It is common to see in many companies, IT systems which are not an exact fit for the business requirements. It is often seen that features which are not included are used as one of the parameters for choosing from different options while companies are looking at purchasing new software. It is seen that the application does turn out to be a right fit for people within the company, even after customizations have been applied.
What needs to be understood is that just because an application performed well, in the beginning, is no indicator of how it will perform in the future, as processes, individuals, and even the company tend to change with time. An increasing number of manual processes is the result. Even though this applies to any business application, this especially applies to customer relationship management (CRM) software.
CRM systems are primarily used by sales departments. One will notice that a company’s sales department is always in a state of flux with the change being the only constant – approval processes, sales strategies etc are always changing. Something different or new needs to be done by the CRM software for changes in operations. It is seen that manual processes need to run side by side with CRM systems.
A manual process may be a computer application that performs tasks that a CRM system doesn’t do, like recording information. Islands of information are created by these tools. Forms in the CRM system may be substituted by electronic forms in word processing applications, which are often passed by email among interested parties. While progressing to better sales operations, companies create problems which are resolved by ‘band-aid solutions’.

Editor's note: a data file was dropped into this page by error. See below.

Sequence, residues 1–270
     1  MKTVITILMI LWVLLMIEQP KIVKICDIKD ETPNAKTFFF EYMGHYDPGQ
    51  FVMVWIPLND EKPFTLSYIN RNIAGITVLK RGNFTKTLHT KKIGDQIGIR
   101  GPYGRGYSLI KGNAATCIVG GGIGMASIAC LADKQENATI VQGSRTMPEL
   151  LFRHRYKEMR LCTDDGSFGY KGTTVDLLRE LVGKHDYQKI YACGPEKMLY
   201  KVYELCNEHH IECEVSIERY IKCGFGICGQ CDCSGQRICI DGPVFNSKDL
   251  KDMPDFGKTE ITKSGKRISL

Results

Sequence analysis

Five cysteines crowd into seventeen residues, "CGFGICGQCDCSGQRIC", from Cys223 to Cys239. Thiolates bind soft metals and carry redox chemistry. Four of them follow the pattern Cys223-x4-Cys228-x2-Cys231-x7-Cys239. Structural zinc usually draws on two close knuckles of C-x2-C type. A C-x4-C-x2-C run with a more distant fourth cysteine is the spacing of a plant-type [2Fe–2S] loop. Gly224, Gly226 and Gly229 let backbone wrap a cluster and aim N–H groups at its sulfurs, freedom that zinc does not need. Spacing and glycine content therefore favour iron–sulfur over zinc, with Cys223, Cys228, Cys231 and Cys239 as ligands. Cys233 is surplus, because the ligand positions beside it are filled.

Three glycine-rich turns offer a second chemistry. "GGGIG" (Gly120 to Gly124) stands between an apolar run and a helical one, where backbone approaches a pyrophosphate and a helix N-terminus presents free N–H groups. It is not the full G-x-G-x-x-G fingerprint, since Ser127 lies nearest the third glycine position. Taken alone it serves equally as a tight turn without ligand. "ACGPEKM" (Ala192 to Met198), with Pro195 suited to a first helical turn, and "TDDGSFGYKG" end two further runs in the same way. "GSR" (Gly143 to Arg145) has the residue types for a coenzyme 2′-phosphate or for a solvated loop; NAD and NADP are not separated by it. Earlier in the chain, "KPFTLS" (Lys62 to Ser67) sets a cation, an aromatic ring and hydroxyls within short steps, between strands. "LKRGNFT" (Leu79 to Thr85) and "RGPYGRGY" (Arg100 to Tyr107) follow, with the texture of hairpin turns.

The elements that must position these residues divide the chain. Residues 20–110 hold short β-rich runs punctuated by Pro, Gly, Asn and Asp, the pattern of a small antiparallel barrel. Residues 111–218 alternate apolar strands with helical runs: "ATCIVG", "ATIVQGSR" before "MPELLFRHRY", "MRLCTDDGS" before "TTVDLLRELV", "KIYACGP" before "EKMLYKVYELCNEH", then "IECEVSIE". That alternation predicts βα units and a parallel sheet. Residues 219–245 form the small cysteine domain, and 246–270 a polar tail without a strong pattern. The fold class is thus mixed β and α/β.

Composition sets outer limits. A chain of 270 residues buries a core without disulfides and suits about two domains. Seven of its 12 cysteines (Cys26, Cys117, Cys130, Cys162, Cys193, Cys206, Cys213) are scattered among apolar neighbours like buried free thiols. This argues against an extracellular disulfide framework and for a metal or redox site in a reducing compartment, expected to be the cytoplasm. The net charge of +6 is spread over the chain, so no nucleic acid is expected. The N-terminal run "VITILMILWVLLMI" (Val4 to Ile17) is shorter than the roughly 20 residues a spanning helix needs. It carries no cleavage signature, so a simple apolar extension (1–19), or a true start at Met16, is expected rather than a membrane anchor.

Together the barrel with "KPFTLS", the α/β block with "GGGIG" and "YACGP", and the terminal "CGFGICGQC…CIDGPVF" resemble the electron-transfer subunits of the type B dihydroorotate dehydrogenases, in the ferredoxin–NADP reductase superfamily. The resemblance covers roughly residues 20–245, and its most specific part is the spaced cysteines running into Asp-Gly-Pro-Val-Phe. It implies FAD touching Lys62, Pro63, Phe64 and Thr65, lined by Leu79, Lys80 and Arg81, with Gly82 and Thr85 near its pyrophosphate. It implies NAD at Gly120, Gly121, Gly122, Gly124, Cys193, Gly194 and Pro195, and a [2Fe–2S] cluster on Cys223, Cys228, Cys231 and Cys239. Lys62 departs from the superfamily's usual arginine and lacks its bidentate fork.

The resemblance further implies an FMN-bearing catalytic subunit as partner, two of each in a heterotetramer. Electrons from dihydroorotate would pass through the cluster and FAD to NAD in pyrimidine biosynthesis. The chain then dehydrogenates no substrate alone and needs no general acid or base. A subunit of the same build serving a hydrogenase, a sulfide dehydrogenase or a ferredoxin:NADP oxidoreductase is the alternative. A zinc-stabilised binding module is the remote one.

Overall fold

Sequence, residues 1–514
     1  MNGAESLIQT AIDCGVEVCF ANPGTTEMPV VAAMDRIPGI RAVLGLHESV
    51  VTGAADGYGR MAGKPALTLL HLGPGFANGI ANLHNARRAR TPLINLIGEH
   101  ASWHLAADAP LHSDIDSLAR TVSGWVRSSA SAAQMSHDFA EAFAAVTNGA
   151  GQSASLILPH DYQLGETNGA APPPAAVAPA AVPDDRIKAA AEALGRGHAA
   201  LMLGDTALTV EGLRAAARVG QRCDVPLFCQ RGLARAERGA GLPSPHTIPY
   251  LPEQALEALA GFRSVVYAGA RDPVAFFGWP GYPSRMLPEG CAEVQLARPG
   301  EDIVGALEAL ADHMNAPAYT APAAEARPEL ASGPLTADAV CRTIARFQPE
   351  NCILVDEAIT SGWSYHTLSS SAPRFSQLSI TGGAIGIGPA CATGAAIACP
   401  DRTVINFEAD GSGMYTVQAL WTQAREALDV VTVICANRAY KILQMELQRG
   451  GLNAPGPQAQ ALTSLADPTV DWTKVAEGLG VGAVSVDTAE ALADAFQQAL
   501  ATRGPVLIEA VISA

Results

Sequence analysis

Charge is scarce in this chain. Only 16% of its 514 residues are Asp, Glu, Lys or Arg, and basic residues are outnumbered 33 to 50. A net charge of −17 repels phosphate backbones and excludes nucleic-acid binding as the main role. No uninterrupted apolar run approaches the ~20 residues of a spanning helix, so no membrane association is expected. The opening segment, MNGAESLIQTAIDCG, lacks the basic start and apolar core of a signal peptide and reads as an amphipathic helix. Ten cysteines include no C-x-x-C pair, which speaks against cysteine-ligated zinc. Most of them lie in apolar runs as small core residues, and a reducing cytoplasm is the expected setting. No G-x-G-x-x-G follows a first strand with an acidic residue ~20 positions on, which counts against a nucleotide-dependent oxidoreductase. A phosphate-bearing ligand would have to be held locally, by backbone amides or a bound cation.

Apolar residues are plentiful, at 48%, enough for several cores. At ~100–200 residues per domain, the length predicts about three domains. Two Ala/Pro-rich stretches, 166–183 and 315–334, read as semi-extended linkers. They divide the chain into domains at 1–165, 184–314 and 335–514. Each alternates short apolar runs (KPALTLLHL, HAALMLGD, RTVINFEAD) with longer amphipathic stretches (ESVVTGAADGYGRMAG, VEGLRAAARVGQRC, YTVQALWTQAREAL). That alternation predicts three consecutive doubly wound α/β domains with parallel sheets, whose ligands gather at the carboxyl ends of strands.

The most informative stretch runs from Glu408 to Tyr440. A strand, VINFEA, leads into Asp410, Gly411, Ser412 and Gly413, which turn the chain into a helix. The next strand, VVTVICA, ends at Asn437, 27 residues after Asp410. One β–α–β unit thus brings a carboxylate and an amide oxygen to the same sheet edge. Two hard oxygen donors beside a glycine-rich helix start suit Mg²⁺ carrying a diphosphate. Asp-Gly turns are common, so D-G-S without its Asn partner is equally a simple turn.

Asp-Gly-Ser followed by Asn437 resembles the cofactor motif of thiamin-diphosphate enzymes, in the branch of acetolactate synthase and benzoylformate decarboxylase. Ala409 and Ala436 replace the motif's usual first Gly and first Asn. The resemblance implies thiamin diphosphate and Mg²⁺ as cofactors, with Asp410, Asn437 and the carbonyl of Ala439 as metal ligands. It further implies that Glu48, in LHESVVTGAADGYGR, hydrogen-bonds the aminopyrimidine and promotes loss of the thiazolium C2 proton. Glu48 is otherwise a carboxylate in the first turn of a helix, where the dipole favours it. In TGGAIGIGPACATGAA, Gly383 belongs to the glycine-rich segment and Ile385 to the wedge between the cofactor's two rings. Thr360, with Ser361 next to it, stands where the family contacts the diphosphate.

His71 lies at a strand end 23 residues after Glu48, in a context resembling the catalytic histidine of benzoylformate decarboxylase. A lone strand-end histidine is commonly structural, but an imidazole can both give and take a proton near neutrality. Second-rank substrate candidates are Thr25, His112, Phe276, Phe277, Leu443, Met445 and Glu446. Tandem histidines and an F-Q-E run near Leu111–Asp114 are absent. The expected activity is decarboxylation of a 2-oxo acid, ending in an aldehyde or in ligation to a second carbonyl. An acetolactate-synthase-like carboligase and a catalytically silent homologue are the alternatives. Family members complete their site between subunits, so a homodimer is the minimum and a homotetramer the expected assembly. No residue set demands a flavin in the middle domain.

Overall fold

CRM software should be adapting to the company’s needs and not the opposite. Flexibility is a characteristic of most CRM systems. It is understood by developers that CRM software must have the flexibility required to adapt to changing processes. Therefore, band-aid solution should only be seen as temporary solutions. The CRM software can be changed by the company. Budgeting for consultants who will carry out CRM software customization is not done by many companies. Many companies do not even make sure that the training necessary for customizations inside the sales department is carried out.
Soon, the band-aids pile up to the extent that the CRM system begins to be viewed as a liability. This is funny because CRM systems are meant to make things easier. After this point is reached, a new CRM system is looked for by companies. The tragedy of this situation is that the old CRM system could’ve been changed to meet the needs of the present scenario, but is seen as the ‘culprit’. After all, everyone needs a scapegoat.
An awareness of every band-aid used is a characteristic of good sales management. Seeing the problem in advance before it becomes a disaster is another characteristic of good sales management. When data flow in the sales operations undergoes periodic reviews, where manual processes are present can be spotted. CRM system changes are budgeted for by good sales management.
What needs to be understood is that CRM systems should be changed regularly, and not replaced, to meet new scenarios; while avoiding a pile-up of band-aid solutions.